Chinese Eager to Buy More Russian Crude Oil

Chinese Eager to Buy More Russian Crude Oil

Chinese Eager to Buy More Russian Crude Oil


Russia is on track to set a new record in crude oil exports this year, and Iran is boosting exports to Europe, intensifying competition on the continent, which is a Key market for both countries.

At the beginning of June, Russia has surprised analysts time over time by keeping Oil production at near-record levels throughout the rock bottom of the Crude Oil bust.

Not only has Russia managed to keep output at high levels, it has actively increased its exports to China and has managed to maintain its market share in other Key markets.

Russian Energy Ministry figures reveal a 4.9% increase in exports to 5.55-M BPD during 1-H of Y  2016 when compared to the same frame last year.

In June, the country’s output rose 1.14% from a year earlier, with total Crude Oil export figures on the rise during every month since Summer 2014.

If production remains steady, then it will likely be a record year for exports. Meaning competition is strong, especially with Iran sending more Oil into Southern Europe.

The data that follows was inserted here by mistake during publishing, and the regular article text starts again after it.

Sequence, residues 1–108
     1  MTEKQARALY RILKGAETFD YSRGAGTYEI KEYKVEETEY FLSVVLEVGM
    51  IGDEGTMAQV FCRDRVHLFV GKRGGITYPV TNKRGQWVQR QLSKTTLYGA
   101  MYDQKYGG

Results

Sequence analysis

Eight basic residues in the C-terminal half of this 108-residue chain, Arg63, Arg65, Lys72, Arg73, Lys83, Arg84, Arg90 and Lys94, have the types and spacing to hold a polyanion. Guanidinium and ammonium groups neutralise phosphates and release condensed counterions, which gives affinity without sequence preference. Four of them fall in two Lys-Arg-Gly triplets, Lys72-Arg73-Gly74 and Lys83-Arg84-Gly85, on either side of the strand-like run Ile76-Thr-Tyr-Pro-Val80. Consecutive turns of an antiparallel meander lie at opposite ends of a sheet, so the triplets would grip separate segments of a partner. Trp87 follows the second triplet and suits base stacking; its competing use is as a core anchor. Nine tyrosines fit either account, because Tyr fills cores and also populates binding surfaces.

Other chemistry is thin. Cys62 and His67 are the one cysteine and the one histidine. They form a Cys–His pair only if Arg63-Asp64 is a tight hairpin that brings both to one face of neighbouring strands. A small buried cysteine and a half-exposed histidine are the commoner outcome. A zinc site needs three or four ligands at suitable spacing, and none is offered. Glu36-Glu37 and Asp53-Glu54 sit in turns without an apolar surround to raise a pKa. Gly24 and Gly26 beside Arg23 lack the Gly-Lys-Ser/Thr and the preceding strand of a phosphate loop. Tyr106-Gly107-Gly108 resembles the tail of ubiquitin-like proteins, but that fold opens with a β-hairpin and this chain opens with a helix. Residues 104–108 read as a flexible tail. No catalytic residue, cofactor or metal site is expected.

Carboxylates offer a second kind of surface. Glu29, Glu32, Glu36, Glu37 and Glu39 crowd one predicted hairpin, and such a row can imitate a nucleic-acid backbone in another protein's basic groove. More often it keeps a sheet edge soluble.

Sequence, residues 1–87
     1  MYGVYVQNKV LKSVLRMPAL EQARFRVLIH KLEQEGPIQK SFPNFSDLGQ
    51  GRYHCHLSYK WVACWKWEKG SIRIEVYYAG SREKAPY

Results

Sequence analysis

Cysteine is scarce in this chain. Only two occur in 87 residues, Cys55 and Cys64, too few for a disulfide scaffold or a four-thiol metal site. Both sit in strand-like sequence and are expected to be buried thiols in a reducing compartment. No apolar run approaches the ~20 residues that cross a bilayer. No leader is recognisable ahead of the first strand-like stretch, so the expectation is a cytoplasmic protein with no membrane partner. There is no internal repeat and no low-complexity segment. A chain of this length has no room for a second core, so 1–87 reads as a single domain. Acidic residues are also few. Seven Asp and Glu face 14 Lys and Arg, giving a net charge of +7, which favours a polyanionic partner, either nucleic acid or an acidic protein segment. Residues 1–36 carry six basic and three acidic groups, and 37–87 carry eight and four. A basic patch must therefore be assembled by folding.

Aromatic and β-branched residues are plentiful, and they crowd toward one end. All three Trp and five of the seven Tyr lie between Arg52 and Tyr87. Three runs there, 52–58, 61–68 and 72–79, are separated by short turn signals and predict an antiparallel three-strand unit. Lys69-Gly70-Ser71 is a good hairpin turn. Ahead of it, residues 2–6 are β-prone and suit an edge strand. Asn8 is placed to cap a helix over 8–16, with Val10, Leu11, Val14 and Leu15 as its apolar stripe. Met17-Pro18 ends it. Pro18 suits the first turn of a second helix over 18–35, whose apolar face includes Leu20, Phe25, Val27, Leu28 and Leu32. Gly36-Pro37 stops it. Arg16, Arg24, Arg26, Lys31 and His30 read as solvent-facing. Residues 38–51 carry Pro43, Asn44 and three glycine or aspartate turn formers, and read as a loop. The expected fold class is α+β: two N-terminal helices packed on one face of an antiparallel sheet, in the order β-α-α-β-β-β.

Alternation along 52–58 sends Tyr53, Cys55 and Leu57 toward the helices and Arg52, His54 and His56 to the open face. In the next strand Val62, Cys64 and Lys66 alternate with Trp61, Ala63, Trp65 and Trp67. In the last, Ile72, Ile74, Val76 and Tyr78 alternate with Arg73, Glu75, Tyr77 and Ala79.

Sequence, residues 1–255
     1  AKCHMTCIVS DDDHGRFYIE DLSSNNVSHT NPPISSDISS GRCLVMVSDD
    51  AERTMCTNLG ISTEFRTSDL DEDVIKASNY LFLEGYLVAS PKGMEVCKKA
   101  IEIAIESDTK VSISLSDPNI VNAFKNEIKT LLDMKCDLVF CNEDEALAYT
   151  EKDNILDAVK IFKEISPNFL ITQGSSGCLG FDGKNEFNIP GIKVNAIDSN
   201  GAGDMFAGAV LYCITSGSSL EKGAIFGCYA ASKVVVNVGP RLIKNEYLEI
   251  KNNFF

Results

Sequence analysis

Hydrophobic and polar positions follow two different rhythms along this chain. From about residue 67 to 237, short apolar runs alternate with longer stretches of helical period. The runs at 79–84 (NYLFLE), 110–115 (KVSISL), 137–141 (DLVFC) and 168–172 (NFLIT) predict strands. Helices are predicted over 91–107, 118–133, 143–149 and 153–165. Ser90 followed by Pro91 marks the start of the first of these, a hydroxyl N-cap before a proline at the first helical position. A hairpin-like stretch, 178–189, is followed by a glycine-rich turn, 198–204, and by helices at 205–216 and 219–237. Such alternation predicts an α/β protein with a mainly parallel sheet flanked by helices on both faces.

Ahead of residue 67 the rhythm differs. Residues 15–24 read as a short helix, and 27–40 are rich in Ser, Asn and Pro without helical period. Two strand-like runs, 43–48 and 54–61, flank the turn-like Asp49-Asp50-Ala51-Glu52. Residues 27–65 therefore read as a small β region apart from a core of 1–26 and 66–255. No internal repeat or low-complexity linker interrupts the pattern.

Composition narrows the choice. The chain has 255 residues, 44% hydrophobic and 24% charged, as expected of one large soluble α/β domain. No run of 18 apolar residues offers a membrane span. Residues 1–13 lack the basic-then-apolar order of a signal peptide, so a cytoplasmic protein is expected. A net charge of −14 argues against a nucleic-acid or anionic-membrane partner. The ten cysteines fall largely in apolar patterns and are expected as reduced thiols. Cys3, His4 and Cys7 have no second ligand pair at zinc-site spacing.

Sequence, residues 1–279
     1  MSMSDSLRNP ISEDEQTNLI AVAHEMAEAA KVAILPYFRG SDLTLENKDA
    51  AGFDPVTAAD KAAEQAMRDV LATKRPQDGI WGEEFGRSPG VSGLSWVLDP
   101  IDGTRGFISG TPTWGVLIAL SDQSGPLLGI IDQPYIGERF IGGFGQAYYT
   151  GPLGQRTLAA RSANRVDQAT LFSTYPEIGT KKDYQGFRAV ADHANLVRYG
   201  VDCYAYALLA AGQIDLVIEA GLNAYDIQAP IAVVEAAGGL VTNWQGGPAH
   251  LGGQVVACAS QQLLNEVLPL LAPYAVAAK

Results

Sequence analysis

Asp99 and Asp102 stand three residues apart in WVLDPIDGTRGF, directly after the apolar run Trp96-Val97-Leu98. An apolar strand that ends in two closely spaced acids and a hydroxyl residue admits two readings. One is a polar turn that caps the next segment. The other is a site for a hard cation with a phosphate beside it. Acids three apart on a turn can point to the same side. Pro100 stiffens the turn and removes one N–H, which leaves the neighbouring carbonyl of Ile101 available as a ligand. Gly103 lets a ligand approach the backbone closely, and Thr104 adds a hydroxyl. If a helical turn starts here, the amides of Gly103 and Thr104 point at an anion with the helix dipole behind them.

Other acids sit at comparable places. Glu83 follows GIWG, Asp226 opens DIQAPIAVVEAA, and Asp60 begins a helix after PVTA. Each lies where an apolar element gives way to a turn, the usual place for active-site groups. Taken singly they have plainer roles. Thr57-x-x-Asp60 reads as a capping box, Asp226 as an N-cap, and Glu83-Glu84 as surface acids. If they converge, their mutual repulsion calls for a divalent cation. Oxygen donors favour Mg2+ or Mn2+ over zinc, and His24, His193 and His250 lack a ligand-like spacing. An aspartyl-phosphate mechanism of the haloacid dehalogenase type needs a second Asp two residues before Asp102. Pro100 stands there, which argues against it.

Organization of Petroleum Exporting Countries (OPEC) failed to agree on a plan to reduce the existing glut in Oil & Gas markets.

Iran has also been increasing production as it aims to regain market share after international sanctions against it were lifted earlier this year.

The year Y 2012 saw Europe banning Iranian Oil as a political reaction to the country’s secretive nuclear program. In the years that followed, Russian Urals Crude, a blend similar to Iran’s formula, became a popular alternative.

Last year, the European Council on Foreign Relations released a report outlining new energy sources for Europe.

The document called Russia an “unreliable partner” and suggested several Central European and Middle Eastern countries, including Iran and Iraq, as possible suppliers in the near future, albeit with logistical caveats.

“There are also infrastructural constraints, such as the geographical distribution of resources in Iran relative to its consumption, as well as the lack of production and export infrastructure,” it said. “Iran’s gas resources (for example, the South Pars field) are in the South. Therefore, substantial investment would be needed to bring Nat Gas as to the northwest to tap into Europe’s Southern Gas Corridor.”

The European Union might be skeptical about increasing its Crude Oil supply from Russia, but China seems to be keen on receiving more Russian Crude.

Russian Crude Oil exports to that part of the world have 2X’d Y-Y last April at the expense of Saudi Arabia and Iran.

HeffX-LTN Analysis for OIL: Overall Short Intermediate Long
Neutral (-0.04) Neutral (-0.01) Neutral (-0.15) Neutral (0.04)

Stay tuned…

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